Don’t Sweat The Small Stuff At Work
Author: Richard Carlson
Genre: Self Help, Management
A #1 Bestseller offering simple tips that bring out the best of us in work – by avoiding stress and anger over little things.
This book by Richard Carlson PhD (International lecturer, best-selling author) talks about how to minimize stress and bring out our best. It has a full 100 tips – some old wine, some new stuff, but all simple and easy to be applied.
The key hypothesis is: If we step back and really think about it, much of what bugs us on a day-to-day basis is actually the “small stuff” – traffic problems, constant deadlines, boring and long meetings, bureaucracy, requests not being answered, rude emails, demanding bosses, an assumed rat race, etc. [And/or the everyday tiffs with our spouses, the cranking of the kids]. The real problems –job layoffs, theft or violence – are really few and far between. Indeed, it’s all those little hassles that tend to drive us crazy.
And therefore, because there is so much “small stuff” to deal with at work, there is a direct correlation between the way you handle small stuff and your overall effectiveness at work. There’s no question that, if you learn to treat the smaller hassles with more perspective, wisdom, patience, and with a better sense of humor, you’ll begin to bring out the best in yourself. I have tried to enumerate a dozen of the more novel tips – simple and beautiful – and hope that we can all apply it in our lives:
1.Have some “No Phone time at work: – Really important messages would anyway have been left on the voicemail which you can cater to later. Even simple requests become “urgent” when asked over the phone.
2. Make the best of “Corporate Travel”: – Using it for learning new things. There are people who purchase language learning audio tapes, and on the plane, just close their eyes, relax and learn! And 100,000 miles later, they can speak Spanish! Similarly in the hotels, we may want to try yoga or meditation!
3. Create a bridge between your spirituality and your work: – The biggest advantage being that “small stuff” really starts feeling like small stuff. Jot down the key things you believe in and practice those in work: patience, kindness, forgiveness… These will help make us more effective.
4. Recognize patterns in behavior: – In ourselves and in our colleagues. There are people who habitually don’t respond to emails, others who are never on time, others who are generally rude. Instead of frustrating ourselves over their faults, it may help to recognize and hence avoid them.
5. Lower your expectations: – We expect our company to be ideal in people management practices, the people to be ideal in interaction, the pay to be best in class, and so on… While we ourselves are generally less than ideal in most respects! Frustration increases with expectations, not results per say.
6. Take advantage of your commute: – Just too many of us keep complaining about the horrible traffic conditions in both big cities. Can we use this time to learn something: buy audiotapes of famous books and thereby catch up on reading! People who practice this actually look forward to commuting!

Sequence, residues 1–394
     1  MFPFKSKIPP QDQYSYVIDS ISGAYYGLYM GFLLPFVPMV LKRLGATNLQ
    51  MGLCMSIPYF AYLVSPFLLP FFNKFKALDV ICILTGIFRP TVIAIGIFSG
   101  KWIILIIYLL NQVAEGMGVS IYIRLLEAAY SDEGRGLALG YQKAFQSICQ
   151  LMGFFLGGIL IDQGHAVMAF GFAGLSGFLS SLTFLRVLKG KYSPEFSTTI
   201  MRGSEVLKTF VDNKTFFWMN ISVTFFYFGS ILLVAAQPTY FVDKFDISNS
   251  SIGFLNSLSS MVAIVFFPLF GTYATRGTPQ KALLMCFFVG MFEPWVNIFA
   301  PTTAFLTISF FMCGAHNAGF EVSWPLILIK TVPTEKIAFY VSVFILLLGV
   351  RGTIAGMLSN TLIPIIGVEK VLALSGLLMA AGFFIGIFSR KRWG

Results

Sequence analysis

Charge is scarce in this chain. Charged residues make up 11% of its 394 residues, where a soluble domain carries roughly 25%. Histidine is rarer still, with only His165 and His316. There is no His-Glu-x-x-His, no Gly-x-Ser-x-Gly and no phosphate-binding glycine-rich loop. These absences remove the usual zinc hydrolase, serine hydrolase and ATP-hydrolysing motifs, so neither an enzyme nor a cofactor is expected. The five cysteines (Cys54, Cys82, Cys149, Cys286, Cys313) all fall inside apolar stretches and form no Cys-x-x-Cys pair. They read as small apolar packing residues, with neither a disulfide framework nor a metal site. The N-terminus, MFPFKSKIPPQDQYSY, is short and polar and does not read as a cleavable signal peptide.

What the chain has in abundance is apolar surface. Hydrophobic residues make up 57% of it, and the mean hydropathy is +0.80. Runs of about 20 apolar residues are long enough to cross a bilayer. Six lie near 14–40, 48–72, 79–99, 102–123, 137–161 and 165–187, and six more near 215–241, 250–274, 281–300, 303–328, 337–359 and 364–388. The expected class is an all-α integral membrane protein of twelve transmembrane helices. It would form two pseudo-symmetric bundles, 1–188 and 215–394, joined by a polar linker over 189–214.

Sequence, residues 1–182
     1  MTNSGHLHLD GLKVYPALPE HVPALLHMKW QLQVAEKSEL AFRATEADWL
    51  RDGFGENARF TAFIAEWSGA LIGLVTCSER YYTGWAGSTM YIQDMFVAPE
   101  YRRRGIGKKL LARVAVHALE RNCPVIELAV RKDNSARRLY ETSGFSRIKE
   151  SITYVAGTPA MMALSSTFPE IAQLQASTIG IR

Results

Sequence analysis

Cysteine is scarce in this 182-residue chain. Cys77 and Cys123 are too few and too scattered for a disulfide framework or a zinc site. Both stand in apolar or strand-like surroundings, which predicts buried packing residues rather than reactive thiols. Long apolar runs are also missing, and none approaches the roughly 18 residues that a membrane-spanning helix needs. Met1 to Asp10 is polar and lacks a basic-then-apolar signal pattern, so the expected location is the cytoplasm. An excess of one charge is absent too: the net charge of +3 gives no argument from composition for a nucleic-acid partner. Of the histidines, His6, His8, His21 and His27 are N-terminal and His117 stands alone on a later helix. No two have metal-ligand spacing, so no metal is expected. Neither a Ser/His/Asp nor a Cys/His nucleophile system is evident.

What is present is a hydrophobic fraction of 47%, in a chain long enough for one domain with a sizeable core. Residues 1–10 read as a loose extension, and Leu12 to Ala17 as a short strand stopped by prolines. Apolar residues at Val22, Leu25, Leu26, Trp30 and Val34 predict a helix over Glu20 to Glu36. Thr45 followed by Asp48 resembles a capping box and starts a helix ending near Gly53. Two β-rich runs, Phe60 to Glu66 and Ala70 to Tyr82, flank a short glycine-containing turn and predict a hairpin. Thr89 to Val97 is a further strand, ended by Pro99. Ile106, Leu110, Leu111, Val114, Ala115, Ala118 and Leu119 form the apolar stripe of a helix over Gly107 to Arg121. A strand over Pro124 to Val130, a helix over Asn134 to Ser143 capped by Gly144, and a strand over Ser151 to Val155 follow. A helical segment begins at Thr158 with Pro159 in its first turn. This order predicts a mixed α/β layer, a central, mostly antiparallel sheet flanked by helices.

7. Let go off battles that cannot be won: – Much of our frustration comes from things we have no control over, but are still unhappy about them. Just let go– there are other more important things where we can make a real difference.
8. Make allowance for incompetence: – Richard says that it is a fact of life – every place will have some highly competent people, most will be average, and few will lie towards the bottom. Hence, we will always run into some incompetence in our work life. Let’s just learn to take these in our stride.
9. Don’t get stressed by predictable: – There are flight attendants who get angry and frustrated every time there is a flight delay or some rude passengers– even though they are bright enough to understand that both these have to happen in their jobs!
10. Get out of the grumble mode: – While we keep on focusing on problems, always critical, frowning, angry; life is slipping by. Our chance of exploring its beauty as well as its hassles is very limited – but we take it for granted and waste our precious time just wishing life or other people were different!
11. Make someone else feel good: – It may sound as a noble lecture, but practically just the feeling of making someone else feel truly better, makes us feel good too… Giving, as they say, is its own reward – the warm, positive feelings that invariably accompany our efforts work wonders.
12. Spend ten minutes a day doing absolutely nothing: In the words of a CEO, “in the busiest of times, I slow down and relax”. A meditation or just watching the sunset or watching the fish in you aquarium or marveling at a tree. Unfortunately it is also the easiest habit to break!
Why should you read the book: This book will keep you from letting the little, stressful things in life – like your email inbox, daily commutation and annoying co-workers – drive you insane and help you find peace and calm in a chaotic world.